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DVD Jon strikes again

Jon Lech Johansen, better known as DVD Jon, the teenager who cracked DVD encryption security, has managed to break the encryption coding in Microsoft's Windows Media Player.

The crack is designed to let people use Media Player on a variety of platforms, including open source operating systems. Details have been posted on his So Sue Me blog.

Full Story.

More in Tux Machines

Ubuntu-Based Vinux Linux 5.1 Released for Blind and Partially Sighted People

Vinux Linux, the Ubuntu-based computer operating system designed for blind and partially sighted people, has been updated today, January 18, 2017, to version 5.1. Based on the Ubuntu 14.04.5 LTS (Trusty Tahr) operating system and offering both the Unity 7 and GNOME Shell 3.10.4 user interfaces, along with the lightweight MATE 1.8 desktop environment, Vinux Linux 5.1 introduces an up-to-date accessibility infrastructure by using Brltty 5.4, Orca 3.22 screen reader & magnifier, and AT-SPI 2.22. Read more Also: Forget About OpenGL 4.2, Intel Haswell GPUs Now Support OpenGL 4.5 in Ubuntu

Tizen and Android

Security News

  • Reproducible Builds: week 90 in Stretch cycle
    The F-Droid Verification Server has been launched. It rebuilds apps from source that were built by f-droid.org and checks that the results match.
  • 6 Week Progress Update for PGP Clean Room
    One of the PGP Clean Room’s aims is to provide users with the option to easily initialize one or more smartcards with personal info and pins, and subsequently transfer keys to the smartcard(s). The advantage of using smartcards is that users don’t have to expose their keys to their laptop for daily certification, signing, encryption or authentication purposes.
  • New Kali Linux Professional Information Security Certification to debut at Black Hat USA, 2017
    First Official Kali Linux book release will coincide with launch of the new information security training program as the Penetration Testing platform celebrates its 10th anniversary.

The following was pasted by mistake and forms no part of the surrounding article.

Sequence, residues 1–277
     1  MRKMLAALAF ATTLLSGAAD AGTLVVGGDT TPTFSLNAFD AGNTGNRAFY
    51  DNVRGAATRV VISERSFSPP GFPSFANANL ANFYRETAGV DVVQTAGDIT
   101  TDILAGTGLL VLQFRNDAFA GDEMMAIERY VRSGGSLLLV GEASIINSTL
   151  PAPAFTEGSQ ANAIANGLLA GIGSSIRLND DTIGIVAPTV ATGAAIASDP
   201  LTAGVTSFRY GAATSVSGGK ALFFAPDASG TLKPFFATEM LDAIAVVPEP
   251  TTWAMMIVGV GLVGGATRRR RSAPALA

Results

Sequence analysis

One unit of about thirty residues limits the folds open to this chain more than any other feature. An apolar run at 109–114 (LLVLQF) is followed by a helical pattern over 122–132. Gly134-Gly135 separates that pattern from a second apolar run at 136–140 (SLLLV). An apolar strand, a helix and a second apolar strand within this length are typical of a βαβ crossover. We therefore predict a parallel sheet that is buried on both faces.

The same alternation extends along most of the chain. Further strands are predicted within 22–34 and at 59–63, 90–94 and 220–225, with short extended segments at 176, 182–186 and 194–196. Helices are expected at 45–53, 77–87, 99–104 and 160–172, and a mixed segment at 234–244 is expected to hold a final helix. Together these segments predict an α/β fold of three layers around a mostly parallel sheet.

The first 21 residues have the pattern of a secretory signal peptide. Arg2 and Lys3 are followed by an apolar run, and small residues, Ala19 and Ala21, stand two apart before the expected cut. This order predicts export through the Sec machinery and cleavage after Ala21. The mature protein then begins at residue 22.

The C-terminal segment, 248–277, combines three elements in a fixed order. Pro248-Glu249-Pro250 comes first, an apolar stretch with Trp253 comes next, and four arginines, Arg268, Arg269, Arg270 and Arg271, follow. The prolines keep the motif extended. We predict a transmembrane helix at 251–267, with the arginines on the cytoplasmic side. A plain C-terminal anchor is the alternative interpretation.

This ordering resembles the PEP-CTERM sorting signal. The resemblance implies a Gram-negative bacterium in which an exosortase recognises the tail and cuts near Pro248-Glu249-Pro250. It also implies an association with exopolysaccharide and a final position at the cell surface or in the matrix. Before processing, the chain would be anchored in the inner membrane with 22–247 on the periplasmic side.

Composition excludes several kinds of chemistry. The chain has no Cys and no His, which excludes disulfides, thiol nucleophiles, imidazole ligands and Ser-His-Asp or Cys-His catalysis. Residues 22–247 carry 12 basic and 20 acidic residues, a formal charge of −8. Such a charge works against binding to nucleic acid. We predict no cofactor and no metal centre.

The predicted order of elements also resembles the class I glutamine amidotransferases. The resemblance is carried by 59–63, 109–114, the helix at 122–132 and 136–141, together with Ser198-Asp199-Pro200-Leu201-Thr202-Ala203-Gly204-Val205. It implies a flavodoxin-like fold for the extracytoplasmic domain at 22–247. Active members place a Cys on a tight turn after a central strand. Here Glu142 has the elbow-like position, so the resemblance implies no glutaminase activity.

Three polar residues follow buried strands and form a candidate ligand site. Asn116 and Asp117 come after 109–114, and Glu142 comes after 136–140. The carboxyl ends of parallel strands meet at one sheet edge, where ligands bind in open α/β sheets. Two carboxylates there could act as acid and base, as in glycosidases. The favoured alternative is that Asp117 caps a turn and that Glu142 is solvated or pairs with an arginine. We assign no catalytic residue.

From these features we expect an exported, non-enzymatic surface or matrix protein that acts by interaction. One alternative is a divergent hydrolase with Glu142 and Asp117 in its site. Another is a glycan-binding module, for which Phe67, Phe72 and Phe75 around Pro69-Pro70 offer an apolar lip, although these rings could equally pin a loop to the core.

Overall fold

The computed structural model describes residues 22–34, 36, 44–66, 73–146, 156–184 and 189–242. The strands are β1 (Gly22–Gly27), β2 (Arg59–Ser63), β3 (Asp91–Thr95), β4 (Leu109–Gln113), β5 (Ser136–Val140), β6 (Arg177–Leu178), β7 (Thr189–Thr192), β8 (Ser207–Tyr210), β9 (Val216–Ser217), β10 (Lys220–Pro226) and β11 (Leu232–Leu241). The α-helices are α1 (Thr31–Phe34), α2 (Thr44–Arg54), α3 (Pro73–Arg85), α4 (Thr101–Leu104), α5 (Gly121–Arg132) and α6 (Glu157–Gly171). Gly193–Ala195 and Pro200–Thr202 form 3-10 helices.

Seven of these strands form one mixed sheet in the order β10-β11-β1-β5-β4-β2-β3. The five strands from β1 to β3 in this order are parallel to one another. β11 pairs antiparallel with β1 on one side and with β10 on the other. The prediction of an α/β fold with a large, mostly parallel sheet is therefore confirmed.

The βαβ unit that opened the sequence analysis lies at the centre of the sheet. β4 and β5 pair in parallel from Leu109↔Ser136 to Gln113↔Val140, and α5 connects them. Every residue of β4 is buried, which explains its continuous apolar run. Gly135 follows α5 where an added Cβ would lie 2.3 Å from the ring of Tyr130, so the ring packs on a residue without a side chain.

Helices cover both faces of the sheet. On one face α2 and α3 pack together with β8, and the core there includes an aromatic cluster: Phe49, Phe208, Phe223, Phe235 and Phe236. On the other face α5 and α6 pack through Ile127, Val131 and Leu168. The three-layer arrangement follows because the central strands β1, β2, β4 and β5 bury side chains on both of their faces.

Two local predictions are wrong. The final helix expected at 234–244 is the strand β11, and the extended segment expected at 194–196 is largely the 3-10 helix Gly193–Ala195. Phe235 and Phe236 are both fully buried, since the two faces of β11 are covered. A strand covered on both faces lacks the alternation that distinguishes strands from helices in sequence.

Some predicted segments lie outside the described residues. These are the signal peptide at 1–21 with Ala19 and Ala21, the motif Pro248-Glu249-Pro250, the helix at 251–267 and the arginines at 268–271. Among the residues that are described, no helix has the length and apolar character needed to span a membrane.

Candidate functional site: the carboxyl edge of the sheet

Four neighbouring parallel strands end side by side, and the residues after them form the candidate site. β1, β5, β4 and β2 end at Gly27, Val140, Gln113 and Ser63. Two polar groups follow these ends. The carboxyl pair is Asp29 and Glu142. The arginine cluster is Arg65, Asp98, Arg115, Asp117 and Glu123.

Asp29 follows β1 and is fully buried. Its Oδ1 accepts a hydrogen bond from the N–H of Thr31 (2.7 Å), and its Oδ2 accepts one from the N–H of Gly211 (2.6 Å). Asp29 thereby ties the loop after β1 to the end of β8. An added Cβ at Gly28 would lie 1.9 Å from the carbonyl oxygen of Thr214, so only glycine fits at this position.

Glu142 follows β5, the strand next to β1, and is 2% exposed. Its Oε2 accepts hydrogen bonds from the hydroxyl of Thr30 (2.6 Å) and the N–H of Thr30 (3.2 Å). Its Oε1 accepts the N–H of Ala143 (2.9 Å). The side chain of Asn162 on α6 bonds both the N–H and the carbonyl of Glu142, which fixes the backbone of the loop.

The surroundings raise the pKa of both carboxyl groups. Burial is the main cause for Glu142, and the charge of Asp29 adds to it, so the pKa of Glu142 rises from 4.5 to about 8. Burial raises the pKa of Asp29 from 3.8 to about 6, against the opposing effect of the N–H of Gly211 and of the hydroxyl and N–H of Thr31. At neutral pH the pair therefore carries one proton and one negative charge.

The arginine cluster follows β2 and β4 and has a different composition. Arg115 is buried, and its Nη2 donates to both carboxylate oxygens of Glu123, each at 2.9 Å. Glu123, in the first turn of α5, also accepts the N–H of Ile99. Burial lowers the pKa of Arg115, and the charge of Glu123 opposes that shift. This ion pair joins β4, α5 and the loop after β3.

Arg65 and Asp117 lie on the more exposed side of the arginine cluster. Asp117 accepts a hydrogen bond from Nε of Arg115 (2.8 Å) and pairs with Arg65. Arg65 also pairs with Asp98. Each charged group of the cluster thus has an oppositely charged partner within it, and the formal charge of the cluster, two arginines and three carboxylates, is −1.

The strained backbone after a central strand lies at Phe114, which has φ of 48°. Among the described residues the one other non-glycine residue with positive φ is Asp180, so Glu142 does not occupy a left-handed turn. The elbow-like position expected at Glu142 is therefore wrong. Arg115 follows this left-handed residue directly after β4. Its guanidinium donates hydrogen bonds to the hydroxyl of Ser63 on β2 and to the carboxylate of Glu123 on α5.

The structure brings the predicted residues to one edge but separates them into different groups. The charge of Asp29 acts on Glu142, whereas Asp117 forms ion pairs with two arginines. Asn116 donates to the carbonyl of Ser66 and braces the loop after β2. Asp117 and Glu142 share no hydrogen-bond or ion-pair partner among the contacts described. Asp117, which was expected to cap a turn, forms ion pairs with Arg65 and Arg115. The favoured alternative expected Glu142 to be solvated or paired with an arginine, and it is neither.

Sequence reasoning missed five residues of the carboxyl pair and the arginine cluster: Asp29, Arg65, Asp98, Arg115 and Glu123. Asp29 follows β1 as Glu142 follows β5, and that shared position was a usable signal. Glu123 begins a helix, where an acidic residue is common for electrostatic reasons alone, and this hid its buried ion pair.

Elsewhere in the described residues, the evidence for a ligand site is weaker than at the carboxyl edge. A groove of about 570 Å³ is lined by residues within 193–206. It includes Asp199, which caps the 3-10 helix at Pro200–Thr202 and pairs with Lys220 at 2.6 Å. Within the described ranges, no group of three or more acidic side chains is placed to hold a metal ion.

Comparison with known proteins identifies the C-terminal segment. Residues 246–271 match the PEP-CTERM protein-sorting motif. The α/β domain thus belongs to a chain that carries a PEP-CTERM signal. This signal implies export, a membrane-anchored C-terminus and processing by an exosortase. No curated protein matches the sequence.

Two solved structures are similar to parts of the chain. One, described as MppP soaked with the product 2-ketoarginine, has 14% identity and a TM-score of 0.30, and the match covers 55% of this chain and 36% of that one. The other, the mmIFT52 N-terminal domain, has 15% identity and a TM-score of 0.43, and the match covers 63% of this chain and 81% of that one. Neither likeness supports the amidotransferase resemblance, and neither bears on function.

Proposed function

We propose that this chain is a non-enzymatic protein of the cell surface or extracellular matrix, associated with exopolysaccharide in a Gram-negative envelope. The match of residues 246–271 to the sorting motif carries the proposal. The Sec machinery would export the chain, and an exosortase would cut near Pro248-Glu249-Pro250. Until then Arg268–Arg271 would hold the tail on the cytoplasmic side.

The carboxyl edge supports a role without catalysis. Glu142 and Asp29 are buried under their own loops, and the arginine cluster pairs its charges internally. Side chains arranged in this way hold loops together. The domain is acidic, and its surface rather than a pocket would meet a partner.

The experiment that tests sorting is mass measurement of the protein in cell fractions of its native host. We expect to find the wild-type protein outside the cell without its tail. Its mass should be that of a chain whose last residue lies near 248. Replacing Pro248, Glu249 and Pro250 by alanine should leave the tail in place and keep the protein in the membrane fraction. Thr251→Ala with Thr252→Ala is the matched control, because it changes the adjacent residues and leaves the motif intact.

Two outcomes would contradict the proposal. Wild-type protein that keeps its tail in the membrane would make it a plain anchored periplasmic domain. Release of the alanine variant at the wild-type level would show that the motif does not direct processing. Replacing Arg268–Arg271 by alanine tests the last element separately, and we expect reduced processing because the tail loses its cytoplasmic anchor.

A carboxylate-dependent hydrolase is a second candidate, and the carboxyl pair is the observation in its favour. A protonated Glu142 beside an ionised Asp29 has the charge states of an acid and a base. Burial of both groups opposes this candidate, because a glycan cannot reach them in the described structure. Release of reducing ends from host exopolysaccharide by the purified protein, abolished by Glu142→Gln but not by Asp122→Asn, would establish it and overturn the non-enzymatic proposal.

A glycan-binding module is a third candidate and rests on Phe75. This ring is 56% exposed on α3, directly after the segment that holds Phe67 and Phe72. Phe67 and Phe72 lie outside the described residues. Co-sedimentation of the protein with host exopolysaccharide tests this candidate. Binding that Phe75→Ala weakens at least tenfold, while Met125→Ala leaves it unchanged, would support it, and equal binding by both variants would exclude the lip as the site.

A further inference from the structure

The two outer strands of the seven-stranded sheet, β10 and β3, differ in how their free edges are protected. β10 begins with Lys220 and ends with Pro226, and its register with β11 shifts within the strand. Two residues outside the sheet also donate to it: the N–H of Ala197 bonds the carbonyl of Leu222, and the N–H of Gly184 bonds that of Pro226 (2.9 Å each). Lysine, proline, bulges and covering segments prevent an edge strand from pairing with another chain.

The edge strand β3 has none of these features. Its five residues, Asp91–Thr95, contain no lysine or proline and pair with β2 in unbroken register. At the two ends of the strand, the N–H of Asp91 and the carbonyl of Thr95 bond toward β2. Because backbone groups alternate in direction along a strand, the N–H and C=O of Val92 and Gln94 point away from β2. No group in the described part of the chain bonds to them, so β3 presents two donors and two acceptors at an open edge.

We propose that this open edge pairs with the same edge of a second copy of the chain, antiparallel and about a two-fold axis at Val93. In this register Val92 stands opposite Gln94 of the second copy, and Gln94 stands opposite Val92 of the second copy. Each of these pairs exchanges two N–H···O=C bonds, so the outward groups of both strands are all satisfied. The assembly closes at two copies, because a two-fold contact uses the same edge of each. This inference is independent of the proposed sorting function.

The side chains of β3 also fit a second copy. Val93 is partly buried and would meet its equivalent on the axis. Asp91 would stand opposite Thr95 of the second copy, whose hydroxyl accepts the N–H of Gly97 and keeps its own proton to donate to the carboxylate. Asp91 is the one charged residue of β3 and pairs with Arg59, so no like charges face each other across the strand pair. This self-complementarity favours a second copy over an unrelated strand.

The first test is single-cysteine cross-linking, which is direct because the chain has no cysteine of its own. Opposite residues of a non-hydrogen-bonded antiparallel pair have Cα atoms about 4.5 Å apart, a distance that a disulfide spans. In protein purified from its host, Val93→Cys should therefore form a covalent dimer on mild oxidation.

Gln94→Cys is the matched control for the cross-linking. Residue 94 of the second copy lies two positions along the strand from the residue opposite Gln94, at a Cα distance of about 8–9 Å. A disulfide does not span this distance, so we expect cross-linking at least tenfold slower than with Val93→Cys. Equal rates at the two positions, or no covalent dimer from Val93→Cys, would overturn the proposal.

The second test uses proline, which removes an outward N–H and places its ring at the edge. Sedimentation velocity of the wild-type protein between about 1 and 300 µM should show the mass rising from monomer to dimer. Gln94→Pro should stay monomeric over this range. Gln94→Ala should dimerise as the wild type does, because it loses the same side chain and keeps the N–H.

• The flatpak security model – part 1: The basics
    This is the first part of a series talking about the approach flatpak takes to security and sandboxing. First of all, a lot of people think of container technology like docker, rkt or systemd-nspawn when they think of linux sandboxing. However, flatpak is fundamentally different to these in that it is unprivileged.
  • Newly discovered Mac malware found in the wild also works well on Linux [Ed: Only if fools are stupid enough to actually INSTALL malware.]
    The malware, which a recent Mac OS update released by Apple is detecting as Fruitfly, contains code that captures screenshots and webcam images, collects information about each device connected to the same network as the infected Mac, and can then connect to those devices, according to a blog post published by anti-malware provider Malwarebytes. It was discovered only this month, despite being painfully easy to detect and despite indications that it may have been circulating since the release of the Yosemite release of OS X in October 2014. It's still unclear how machines get infected. [...] Another intriguing finding: with the exception of Mac-formatted Mach object file binary, the entire Fruitfly malware library runs just fine on Linux computers.

Solus Goes Flatpak for Better, Reliable Distribution of Third-Party Applications

In an unexpected turn of events, Ikey Doherty, the founder and lead developer of the Solus Project announced a few moments ago that he's adopting the well-known Flatpak application sandboxing and distribution framework for the Solus operating system. Read more